Alderson is just trying to regain his spark.  A dominant amateur pitcher and early pro, the lanky righty fell off course the last year and a half or so.  His velocity dipped and his effectiveness dwindled.  ESPN the Magazine even featured him in an article.  In that piece Alderson drops this fairly poignant quote after his high school coach gave him an honest assessment of his current ‘stuff.’

“Everything we’d worked for, everything he developed is gone,” Alderson is quoted as saying.  “It’s hard to look at myself and think, I was a better pitcher when I was 15.”

So with those two guys in mind – indeed very different cases, and for that matter very different from Miller – I was curious as to what the Red Sox arm thought about trying to make a comeback – trying to bounce back and solidify himself.

“I think that’s huge,” Miller said of needing to have confidence.  “Anybody that’s playing professional baseball has the talent to pitch in the Major Leagues but the ones that are most successful are probably the most confident ones – the ones that trust their stuff and believe in their abilities and limit their doubts.  It’s huge.  It’s one of the most important things if not the most important thing.  Otherwise you’re going to go out there and dig yourself a hole.

To be honest with you it’s something that everybody deals with,” Miller continued.  “The ones that succeed are the ones that handle it the best or the ones that fight through it.  We’re not saving lives or anything but it is a hard game and it’s tough.  You’ve gotta block out those negative thoughts and move on and stay positive and attack the hitter.”

VARITEK LOOKS BACK

While I was in the Red Sox clubhouse I figured I wouldn’t waste the opportunity to pick at least on other brain.  Thought it might be neat to see what one of Boston’s stars remembered about his minor league career.  Enter Jason Varitek.

“As bad as some of the bus rides are it’s also fun,” the veteran backstop said.  “Guys having a ball watching a movie to playing cards to playing games to whatever.  You bond over a long period of time.”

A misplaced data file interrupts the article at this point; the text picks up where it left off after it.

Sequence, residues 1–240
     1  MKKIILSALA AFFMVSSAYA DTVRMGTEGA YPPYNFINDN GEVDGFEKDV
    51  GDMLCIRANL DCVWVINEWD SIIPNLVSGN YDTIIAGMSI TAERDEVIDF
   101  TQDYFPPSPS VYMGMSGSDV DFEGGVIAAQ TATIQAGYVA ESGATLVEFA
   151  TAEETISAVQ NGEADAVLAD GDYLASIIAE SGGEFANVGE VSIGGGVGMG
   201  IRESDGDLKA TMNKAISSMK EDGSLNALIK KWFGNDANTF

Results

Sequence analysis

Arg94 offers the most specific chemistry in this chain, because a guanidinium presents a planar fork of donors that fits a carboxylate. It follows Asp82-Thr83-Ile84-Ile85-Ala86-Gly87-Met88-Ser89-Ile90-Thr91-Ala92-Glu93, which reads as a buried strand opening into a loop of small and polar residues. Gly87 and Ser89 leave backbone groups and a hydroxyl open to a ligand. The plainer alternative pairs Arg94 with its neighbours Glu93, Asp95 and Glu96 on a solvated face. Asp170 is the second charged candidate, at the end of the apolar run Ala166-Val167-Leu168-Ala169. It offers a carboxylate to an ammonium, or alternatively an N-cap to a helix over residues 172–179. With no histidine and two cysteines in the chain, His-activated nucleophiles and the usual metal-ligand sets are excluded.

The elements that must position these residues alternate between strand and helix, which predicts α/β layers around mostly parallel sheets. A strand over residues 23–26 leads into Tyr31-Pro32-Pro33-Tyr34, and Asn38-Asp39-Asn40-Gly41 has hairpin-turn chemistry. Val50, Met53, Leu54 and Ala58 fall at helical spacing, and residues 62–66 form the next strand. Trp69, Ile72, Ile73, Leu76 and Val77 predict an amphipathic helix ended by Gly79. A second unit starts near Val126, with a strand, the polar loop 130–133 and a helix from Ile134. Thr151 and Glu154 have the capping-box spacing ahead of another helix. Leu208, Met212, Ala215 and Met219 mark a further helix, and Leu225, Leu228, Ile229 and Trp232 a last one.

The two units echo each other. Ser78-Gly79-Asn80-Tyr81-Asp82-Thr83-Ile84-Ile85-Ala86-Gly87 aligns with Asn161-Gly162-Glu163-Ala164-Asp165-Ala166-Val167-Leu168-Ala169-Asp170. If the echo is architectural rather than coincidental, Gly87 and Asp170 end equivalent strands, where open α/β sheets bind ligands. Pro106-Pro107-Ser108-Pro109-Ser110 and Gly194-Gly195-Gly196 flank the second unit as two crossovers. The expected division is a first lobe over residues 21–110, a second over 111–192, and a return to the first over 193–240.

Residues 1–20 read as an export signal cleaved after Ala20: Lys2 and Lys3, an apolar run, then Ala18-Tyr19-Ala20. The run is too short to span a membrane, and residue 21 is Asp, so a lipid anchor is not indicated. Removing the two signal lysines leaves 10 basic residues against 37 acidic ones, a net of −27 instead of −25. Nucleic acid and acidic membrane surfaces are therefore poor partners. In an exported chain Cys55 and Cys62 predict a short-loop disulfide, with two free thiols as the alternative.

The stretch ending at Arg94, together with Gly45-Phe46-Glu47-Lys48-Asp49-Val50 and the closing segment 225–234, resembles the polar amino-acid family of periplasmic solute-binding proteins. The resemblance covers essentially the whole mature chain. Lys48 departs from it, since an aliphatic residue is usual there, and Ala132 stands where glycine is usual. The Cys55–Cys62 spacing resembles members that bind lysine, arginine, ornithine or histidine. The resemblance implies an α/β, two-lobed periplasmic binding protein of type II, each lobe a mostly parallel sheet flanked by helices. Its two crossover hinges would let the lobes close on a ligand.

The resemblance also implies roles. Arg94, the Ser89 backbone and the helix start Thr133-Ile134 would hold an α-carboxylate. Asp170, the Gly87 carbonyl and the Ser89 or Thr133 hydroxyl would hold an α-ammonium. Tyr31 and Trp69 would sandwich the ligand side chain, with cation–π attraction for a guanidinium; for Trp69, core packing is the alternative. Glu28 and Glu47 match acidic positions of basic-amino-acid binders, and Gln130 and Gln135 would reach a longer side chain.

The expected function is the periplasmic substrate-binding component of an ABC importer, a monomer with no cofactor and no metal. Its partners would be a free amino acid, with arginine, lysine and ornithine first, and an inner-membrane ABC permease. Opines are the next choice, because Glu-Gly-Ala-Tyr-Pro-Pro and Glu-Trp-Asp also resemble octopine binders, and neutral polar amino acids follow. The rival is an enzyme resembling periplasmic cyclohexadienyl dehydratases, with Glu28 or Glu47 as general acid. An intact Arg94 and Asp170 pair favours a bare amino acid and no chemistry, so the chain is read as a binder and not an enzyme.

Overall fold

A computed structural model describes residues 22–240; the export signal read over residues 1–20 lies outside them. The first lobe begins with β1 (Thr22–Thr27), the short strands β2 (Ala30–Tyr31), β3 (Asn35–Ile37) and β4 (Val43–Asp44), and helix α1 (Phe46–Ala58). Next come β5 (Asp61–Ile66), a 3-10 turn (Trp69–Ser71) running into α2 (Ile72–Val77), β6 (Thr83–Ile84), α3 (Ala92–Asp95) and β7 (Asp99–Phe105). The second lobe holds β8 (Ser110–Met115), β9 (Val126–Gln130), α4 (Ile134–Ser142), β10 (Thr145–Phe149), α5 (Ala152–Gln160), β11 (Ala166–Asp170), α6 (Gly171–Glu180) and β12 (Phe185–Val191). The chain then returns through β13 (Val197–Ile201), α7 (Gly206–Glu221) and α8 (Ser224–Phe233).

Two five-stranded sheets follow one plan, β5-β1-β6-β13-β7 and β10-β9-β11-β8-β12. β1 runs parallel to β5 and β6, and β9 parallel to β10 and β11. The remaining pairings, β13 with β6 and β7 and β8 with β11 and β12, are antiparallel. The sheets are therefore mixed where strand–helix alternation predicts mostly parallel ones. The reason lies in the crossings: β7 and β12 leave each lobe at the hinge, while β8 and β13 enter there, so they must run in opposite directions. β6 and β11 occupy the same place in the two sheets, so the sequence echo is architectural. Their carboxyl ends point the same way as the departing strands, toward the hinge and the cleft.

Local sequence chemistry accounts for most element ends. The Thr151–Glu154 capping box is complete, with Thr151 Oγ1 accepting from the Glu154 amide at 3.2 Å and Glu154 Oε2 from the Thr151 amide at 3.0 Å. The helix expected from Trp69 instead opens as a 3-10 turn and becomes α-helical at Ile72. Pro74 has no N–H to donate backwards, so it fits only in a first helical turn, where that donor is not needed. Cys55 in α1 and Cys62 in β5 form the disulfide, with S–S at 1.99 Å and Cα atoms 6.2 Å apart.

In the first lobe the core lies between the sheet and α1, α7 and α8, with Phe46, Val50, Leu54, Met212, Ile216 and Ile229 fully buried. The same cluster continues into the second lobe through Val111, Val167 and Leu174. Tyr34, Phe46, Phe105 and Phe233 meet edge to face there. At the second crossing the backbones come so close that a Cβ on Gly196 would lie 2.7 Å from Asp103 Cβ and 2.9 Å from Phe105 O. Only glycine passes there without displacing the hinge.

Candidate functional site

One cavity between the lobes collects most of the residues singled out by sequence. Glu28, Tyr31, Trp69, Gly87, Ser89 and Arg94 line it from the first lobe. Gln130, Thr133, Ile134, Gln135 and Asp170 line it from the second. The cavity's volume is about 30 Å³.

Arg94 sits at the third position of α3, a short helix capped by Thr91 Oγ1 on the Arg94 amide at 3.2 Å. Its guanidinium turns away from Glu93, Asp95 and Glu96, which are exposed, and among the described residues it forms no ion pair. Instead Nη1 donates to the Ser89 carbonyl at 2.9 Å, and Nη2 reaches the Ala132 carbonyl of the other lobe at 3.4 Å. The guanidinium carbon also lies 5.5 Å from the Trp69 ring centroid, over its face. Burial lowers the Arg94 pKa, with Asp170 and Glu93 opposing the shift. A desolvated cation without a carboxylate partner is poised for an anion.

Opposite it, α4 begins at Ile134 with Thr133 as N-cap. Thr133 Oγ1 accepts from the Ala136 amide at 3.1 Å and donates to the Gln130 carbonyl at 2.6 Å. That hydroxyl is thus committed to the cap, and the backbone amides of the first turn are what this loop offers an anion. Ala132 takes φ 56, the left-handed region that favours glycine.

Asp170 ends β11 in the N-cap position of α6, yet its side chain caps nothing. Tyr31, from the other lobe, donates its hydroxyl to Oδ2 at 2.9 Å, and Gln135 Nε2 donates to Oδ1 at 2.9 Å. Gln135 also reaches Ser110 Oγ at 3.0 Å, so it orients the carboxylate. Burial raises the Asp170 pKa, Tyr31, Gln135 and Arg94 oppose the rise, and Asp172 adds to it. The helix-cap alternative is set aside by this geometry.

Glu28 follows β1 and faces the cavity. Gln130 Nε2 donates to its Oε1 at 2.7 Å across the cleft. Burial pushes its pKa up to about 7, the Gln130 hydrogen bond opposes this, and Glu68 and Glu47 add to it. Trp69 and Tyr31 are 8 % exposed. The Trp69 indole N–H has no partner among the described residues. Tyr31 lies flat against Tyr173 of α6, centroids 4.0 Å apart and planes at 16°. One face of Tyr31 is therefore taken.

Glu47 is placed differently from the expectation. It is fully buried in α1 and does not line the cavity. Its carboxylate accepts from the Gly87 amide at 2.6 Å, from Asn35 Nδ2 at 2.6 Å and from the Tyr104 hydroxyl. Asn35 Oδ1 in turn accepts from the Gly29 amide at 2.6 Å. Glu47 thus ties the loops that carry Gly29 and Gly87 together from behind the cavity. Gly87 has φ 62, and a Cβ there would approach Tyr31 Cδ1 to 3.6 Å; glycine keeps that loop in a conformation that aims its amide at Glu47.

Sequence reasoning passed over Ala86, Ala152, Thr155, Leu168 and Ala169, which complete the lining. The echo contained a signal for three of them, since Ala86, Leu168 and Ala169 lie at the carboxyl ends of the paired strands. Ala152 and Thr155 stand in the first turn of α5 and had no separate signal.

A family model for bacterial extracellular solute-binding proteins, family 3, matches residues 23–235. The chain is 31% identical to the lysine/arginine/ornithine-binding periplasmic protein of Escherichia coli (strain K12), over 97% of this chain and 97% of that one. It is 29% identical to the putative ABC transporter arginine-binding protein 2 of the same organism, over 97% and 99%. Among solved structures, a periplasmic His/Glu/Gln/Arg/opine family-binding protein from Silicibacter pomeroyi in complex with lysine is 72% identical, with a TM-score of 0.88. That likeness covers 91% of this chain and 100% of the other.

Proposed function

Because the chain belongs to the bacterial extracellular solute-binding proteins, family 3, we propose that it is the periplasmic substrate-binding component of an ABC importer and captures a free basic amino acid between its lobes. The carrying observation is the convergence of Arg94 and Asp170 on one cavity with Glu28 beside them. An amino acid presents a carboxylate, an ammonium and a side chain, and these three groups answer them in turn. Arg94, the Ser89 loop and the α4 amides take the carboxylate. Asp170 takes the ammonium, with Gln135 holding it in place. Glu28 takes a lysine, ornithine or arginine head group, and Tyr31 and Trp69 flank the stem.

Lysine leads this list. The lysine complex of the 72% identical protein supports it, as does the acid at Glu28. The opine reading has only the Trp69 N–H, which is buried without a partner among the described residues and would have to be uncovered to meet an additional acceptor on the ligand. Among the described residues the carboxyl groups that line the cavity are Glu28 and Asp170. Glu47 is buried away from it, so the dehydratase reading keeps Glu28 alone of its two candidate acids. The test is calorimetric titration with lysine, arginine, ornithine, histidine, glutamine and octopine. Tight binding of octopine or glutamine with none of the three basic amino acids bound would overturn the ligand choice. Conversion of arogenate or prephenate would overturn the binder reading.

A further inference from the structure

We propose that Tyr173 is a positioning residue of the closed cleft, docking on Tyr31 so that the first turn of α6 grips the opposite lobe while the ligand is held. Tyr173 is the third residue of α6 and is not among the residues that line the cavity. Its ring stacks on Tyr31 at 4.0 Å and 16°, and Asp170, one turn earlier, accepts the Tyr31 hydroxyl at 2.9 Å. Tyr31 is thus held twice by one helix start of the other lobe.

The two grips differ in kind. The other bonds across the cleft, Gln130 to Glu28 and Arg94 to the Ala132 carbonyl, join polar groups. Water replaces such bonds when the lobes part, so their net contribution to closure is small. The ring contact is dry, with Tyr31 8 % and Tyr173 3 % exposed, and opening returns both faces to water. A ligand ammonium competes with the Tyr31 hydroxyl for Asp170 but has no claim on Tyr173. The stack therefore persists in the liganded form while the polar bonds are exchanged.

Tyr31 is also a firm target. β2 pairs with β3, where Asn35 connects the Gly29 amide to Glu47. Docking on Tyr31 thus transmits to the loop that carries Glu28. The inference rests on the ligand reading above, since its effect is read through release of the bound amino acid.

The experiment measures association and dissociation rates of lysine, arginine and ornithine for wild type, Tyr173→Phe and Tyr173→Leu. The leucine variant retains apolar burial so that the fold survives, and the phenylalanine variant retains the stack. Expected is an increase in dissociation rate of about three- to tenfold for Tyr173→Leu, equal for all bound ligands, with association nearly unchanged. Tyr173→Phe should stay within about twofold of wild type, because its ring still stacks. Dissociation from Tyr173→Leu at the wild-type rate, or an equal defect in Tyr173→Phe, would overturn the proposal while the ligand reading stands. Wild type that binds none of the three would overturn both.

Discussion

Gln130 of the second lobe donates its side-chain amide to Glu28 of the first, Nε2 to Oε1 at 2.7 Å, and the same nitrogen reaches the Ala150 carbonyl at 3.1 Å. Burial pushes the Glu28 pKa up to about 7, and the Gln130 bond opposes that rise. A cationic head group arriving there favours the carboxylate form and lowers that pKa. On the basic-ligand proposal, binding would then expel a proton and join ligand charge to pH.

Varitek never played A-Advanced ball.  He jumped right to the Double-A Southern League out of Georgia Tech.  He’s played just two games in the minors since his big league debut in 1997.

“I was overmatched, outtalented and humiliated,” Varitek said quite frankly about his early minor league career.  The catcher hit .224 in his maiden voyage for Port City.

“I learned to face adversity right away,” Varitek continued.  “The level of competition day in and day out was different than I had ever seen.  Part of development sometimes is you’re starring down a black hole and you don’t see any light and then all of a sudden some light appears and then some more and some more and some more.  That’s the encouraging thing for anybody is that there’s going to be some light at the end of that tunnel.  You just have to find where it is.”

ERIN ANDREWS NOT HERE

I had a small curiosity with the Red Sox in town.  Would Erin Andrews be on Boston’s pass list?  Essentially would there be a ticket left for her at will call?  She is a Florida native after all.

If you’re now scratching your head in confusion, allow me to start from the top.

Red Sox outfielder Daniel Nava has a small crush on Andrews.  It’s nothing new – been chronicled in USA Today, the Boston Herald etc.  The story first ‘broke’ when Pawtucket Red Sox broadcaster Dan Hoard (one of the best in the biz by the way) posted this picture (scroll down the link) of the PawSox pass list last year.  Turns out Nava’s always left a ticket for the ESPN star just in case she was in town.

Anyways, not that I was expecting Andrews to show up at McKechnie Field, I was kind of excited to see if there was a ticket left for her at will call.  Long story short…there was not.

Till next time,

Joel

 

 

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About Joel Godett
Joel Godett is in his secod year broadcasting Bradenton Marauders baseball. His career has carried him from Syracuse to Buffalo, Roanoke, Cape Cod, Tampa and Bradenton. He is originally from New Jersey and somehow grew up an Atlanta Braves fan.

One Response to Red Sox FSL Update…Yes, they used to have a team

  1. Jason says: